Maretzek Italian Opera: Ernani

Event Information

Venue(s):
Academy of Music

Manager / Director:
Max Maretzek

Conductor(s):
Carl Bergmann

Event Type:
Opera

Record Information

Status:
Published

Last Updated:
24 November 2015

Performance Date(s) and Time(s)

04 Oct 1865, 8:00 PM

Program Details

Marra’s first appeance with Maretzek Italian Opera Company.

Performers and/or Works Performed

1)
Composer(s): Verdi
Text Author: Piave
Participants:  Maretzek Italian Opera Company;  Ettore Irfre (role: Ernani);  Giuseppe B. [basso] Antonucci (role: Silva);  Giuseppe Marra [tenor] (role: Don Carlos);  Carlotta Carozzi-Zucchi (role: Elvira)

Citations

1)
Announcement: New-York Times, 02 October 1865, 4.

“Debut of a new baritone, Signor Marra.”

2)
Advertisement: New-York Daily Tribune, 03 October 1865, 3.
3)
Advertisement: New-Yorker Staats-Zeitung und Herold, 03 October 1865.
4)
Advertisement: New York Post, 04 October 1865.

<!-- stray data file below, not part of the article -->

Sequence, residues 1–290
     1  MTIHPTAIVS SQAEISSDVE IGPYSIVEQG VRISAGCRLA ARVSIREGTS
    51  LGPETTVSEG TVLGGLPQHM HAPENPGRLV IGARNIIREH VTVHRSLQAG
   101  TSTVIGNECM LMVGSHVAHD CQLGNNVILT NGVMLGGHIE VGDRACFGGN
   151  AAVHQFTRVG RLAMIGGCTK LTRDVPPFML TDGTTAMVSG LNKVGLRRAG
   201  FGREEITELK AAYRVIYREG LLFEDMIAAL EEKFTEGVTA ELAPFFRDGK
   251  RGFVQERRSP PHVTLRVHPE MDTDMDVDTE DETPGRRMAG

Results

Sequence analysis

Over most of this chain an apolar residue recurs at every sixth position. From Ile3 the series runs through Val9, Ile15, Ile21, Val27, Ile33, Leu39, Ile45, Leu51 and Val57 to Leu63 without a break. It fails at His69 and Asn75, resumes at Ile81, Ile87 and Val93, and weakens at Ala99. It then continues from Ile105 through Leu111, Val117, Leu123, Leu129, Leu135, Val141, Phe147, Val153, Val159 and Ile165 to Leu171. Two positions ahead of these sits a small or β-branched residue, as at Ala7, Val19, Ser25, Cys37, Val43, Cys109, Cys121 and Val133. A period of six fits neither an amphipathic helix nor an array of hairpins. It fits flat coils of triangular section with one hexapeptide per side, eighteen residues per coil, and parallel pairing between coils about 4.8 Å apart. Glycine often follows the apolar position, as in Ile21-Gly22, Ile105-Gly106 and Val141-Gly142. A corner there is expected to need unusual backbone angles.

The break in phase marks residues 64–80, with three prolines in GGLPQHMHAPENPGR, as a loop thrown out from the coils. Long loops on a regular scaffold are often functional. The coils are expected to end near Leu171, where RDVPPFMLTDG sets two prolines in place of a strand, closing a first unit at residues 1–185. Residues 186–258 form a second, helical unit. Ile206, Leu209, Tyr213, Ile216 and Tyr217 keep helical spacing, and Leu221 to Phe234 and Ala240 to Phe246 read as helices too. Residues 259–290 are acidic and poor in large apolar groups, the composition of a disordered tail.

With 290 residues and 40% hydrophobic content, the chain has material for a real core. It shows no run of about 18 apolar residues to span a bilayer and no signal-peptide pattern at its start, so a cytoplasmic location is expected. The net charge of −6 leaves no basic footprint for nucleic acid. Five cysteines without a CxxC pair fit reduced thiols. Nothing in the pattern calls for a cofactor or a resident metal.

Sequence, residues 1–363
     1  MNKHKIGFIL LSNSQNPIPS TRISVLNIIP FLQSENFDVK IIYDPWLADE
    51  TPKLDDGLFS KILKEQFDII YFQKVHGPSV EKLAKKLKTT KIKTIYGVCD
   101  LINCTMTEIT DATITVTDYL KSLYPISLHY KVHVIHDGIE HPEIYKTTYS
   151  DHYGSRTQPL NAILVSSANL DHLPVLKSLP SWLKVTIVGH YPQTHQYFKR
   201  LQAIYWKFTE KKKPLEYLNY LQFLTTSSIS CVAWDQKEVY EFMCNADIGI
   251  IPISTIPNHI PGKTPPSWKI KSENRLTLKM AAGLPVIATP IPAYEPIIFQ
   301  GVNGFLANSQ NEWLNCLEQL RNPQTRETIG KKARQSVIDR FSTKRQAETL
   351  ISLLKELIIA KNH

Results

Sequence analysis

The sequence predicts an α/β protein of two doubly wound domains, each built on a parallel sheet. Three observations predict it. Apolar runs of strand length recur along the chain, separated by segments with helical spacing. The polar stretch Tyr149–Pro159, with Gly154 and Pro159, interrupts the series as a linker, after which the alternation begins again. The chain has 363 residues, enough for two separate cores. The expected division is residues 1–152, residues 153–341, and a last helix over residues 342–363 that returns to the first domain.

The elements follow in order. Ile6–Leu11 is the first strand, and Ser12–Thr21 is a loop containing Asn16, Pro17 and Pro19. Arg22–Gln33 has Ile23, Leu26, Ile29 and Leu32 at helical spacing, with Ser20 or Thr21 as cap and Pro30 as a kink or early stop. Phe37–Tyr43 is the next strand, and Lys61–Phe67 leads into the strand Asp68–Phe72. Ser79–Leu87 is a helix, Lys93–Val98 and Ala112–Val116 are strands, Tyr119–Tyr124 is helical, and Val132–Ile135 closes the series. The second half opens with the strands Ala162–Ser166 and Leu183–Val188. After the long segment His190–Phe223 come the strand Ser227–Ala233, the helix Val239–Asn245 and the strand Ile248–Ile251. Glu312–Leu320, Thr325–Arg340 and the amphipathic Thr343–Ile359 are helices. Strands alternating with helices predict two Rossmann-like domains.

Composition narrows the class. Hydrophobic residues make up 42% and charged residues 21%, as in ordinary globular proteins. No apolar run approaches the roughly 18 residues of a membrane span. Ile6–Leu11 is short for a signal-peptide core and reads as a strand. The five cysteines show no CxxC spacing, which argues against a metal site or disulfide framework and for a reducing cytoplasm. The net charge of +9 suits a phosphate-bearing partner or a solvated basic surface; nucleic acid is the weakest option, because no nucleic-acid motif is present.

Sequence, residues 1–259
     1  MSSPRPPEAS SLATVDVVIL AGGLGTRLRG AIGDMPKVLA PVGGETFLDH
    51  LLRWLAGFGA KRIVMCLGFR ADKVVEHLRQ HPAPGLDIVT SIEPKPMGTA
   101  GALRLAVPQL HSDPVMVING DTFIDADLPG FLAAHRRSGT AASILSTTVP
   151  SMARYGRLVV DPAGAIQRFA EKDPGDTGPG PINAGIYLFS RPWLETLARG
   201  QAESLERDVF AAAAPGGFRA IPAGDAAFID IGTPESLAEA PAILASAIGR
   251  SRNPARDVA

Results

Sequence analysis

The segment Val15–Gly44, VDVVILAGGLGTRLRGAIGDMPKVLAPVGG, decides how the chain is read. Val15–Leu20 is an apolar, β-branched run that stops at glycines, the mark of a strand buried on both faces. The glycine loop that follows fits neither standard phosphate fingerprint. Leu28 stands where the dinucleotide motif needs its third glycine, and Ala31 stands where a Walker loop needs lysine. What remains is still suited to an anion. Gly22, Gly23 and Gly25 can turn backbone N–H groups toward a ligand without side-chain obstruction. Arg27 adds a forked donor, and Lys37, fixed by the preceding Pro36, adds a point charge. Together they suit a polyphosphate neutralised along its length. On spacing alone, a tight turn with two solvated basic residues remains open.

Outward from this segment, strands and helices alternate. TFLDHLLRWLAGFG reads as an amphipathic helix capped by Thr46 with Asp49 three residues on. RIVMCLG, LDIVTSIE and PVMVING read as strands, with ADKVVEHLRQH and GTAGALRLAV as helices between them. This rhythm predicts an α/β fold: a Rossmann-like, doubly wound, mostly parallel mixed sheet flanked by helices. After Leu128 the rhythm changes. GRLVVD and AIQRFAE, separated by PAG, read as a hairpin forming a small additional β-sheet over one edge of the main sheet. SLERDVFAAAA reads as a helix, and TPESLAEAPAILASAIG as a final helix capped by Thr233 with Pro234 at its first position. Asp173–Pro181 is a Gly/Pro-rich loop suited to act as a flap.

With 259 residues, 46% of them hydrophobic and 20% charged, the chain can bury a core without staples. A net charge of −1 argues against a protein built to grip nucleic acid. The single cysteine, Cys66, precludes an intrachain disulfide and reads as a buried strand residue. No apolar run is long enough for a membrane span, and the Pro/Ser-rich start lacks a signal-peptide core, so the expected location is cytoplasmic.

5)
Advertisement: New-York Times, 04 October 1865.
6)
Review: New York Post, 05 October 1865, 2.

The Opera.  The performance of ‘Ernani’ last night . . . seemed to be enjoyed by the participating artists as by the large and enthusiastic assemblage of listeners.   Seldom has the opera been better given here.  Zucchi as Elvira was in splendid voice, and was heartily encored in her opening air. Irfre, the tenor, sang with his characteristic taste, and also showed a power in the high notes that approached the robust school, and greatly excited the audience. Antonucci, the basso, had to repeat Infelice, and showed better than previously the noble qualities of his voice.

          A new baritone, one Signor Marra, last night made his first appearance before an American audience, and was well received. He has a very rich, powerful voice, which he has trained to produce notable contrasts. He can make a diminuendo with almost the finish of Brignoli. He acts intelligently and was throughout the opera a real success. The most perceptible fault in the newcomer is a tendency to over exertion of the voice. A singer with his vocal volume does not require to make any very vigorous effort to be heard.”